Last week I linked to a Deal Hudson article on Inside Catholic where he threw out the claim that 61 bishops had thus far issued “clarifications” of Faithful Citizenship in which they emphasized the preeminance of the abortion issue in this upcoming election.
Michael Iafrate of Vox Nova responded with a post entitled “Misleading numbers, misleading claims” in which he remarked with characteristic restraint:
In a recent article Deal Hudson implies that 61 bishops have come forward to “clarify” what Faithful Citizenship means, implying or saying outright that a vote for Barack Obama is unacceptable. This statistic, and accompanying list of bishops, has been parroted around the Catholic barfosphere for days now. A simple click-though of Hudson’s list, though, shows that his numbers are simply, factually, wrong.
Hudson’s list is largely comprised of bishops who spoke out — rightly! — against the views expressed by Nanci Pelosi and Joe Biden in which they misrepresented Church teaching on abortion. If you actually click through to the statements cited by Hudson, it looks like less than 10 of them are statements which actually attempt to “clarify” or “interpret” Faithful Citizenship by binding Catholic consciences in favor of automatically disqualifying Obama as a potential choice.
Hudson’s list, and those who quote it, combines episcopal statements of various types, statements which serve different purposes and which have different messages. He, and his messengers, lump all of these statements together as if they are saying the same thing and to give the impression that a growing number of bishops are essentially forbidding a vote for Barack Obama when this could not be further from the truth. The number of bishops making this move remains, fortunately, very very low.
As a Catholic who definitely believes that, between the two of them, Barack Obama is the better choice, my pro-life commitments lead me to applaud the bishops on Hudson’s list who spoke out against the views of Pelosi and Biden which deliberately misrepresented the views of the Church. But I also applaud the fact that the number of bishops telling Catholics that they may not vote for Obama remains very small, contrary to Deal Hudson’s misleading presentation of the numbers. Indeed, I can count these bishops on one, maybe one and a half hands.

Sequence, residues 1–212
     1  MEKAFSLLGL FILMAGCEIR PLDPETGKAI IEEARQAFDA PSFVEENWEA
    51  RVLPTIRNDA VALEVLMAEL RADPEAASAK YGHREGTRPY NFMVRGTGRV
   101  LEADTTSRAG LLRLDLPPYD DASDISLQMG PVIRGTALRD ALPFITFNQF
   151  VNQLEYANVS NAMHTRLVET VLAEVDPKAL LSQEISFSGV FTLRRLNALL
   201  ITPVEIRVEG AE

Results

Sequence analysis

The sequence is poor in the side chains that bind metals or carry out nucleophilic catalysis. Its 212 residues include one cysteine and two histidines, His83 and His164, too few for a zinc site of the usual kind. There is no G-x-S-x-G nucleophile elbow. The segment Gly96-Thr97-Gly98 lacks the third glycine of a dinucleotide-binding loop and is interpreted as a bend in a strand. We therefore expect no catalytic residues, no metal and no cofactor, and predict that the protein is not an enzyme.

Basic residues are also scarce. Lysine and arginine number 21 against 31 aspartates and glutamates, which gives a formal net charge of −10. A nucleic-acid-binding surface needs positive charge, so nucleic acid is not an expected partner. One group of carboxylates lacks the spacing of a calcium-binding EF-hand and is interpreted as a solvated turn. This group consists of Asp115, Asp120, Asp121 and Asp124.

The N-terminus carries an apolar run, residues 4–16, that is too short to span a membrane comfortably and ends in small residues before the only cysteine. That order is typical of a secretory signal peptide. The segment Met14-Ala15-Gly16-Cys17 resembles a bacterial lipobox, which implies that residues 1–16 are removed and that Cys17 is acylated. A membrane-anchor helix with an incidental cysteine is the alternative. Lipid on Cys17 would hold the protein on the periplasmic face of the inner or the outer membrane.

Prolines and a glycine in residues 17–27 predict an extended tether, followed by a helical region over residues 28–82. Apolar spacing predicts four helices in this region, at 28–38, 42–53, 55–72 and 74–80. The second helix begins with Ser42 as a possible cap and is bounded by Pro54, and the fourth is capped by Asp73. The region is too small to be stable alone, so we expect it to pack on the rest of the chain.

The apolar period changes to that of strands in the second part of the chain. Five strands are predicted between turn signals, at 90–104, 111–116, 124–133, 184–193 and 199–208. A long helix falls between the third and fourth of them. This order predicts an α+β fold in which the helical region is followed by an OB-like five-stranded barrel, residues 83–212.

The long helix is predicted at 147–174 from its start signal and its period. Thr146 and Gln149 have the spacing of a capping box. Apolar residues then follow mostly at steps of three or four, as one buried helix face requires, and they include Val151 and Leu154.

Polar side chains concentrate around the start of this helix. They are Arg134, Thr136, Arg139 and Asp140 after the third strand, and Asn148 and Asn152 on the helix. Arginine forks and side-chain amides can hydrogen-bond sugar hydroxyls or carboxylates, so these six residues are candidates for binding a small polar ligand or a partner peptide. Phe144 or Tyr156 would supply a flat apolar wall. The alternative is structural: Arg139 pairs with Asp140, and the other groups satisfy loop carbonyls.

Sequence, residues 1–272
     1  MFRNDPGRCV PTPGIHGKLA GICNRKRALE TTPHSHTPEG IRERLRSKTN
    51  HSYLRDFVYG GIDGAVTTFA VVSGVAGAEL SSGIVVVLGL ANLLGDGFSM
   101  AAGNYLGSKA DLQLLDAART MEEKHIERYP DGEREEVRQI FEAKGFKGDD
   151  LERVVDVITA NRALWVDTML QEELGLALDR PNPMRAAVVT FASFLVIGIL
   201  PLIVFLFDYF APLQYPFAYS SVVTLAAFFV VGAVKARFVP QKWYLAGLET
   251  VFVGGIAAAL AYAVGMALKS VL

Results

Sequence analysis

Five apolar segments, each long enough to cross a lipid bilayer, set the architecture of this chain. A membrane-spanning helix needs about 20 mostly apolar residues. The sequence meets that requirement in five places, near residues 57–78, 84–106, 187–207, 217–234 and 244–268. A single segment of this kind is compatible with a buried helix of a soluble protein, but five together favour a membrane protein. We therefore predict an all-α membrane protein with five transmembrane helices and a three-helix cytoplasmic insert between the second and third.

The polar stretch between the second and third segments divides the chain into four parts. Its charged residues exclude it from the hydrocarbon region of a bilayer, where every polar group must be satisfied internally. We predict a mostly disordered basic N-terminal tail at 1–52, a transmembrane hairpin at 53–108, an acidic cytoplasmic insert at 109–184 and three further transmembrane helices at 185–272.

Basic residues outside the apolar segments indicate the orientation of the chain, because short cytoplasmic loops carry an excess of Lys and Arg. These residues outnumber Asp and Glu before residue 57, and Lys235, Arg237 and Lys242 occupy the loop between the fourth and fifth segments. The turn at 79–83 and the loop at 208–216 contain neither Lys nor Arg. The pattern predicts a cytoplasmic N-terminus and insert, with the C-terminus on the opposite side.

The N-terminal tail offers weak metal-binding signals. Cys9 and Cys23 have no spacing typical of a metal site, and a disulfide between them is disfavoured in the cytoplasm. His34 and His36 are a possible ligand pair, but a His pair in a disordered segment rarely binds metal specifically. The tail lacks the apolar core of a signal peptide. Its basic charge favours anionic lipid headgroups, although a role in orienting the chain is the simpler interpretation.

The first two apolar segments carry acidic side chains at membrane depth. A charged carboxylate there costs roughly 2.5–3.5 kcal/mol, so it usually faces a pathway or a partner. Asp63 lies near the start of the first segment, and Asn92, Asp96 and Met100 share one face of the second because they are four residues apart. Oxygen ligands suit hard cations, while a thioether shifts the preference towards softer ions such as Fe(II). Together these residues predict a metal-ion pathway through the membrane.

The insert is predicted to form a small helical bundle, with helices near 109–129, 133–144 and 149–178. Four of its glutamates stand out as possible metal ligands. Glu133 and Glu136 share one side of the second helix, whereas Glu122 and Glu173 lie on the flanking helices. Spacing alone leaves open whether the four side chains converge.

In his zeal to make sure that he got the numbers right, Michael had experienced a little difficulty in reading Mr. Hudson’s article, as Hudson never claimed that the bishops were “telling Catholics that they may not vote for Obama”. However, he was right that Hudson had included in his list links to a number of statements which were just corrections of Biden and Pelosi’s erronius descriptions of Catholic teaching — so I corrected the post.
Yesterday, however, I ran across a piece of Rocco Palmo at Whispers in the Loggia in which he discusses the question of how many bishops have issued statements emphasizing the importance of abortion in the upcoming election. (Rocco is certainly not a political hack, and his site is generally a reliable source of ecclesiastical news.)
First — as one would expect given the heated, divisive nature of the campaign’s home stretch and the focus on the “Catholic vote” — attempts have been made to either minimize or maximize the degree of motu proprio episcopal pronouncements on the election. In that light, the standard applied here was a fairly straight-forward one: individual or joint statements issued in the period of the general election campaign (Labor Day onward) that unmistakably highlight the life issues as paramount in the context of Faithful Citizenship and the coming vote. (The spates of corrections following Speaker Pelosi and Sen. Biden’s Meet the Press appearances tackled a separate matter — i.e. clarifying church teaching after specific, egregious, nationally-televised misinterpretations, as opposed to electoral guidance — and, ergo, do not appear.) As you’ll see, the approaches taken are extraordinarily diverse, but each has that one clear thread in common.
Second — not every statement out making the rounds has made the cut. No doubt, one-in-four is an impressive number, but even beyond it, this election season has seen a new high-watermark of the US bench taking the Faithful Citizenship text into its own hands, even though its latest edition (first introduced for the 1976 presidential elections and revisited every four years since) was, in a first, debated and approved by all the bishops at last year’s November meeting instead of its prior publication by the conference’s Administrative Committee alone.
Bottom line: despite the 97.8% approval from the body of bishops last November in Baltimore, for every Chaput there’s a Steib, a Zavala for every Vasa, a Dolan for every Duca, a Kinney for every Egan, a Sheridan for every Sartain, and so on… and so on… and on even moreso.
Based on these criteria, Rocco comes up with a list of “63 diocesans, plus 19 auxiliaries” issuing statemens about voting emphasizing the importance of the abortion issue. He provides links to all the relevant addresses at the linked article. (I’ve clicked through to a selection of them and it looks to me like Rocco has been accurate in applying his criteria.)
Now frankly, there’s limited value to counting heads. The bishops have stated in Faithful Citizenship what criteria are that Catholics should use in deciding whom to vote for. A number of them have also provided us with some degree of insight as to what judgements they reach based on those criteria. And as Rocco points out, a few bishops have clearly reached “it’s not the main issue in this election” conclusions, as in the five counter-examples he links to.
But since the “Catholic barfosphere” and I had been called out as being wrong, I thought it worthwhile (or at least gratifying) to set the record straight.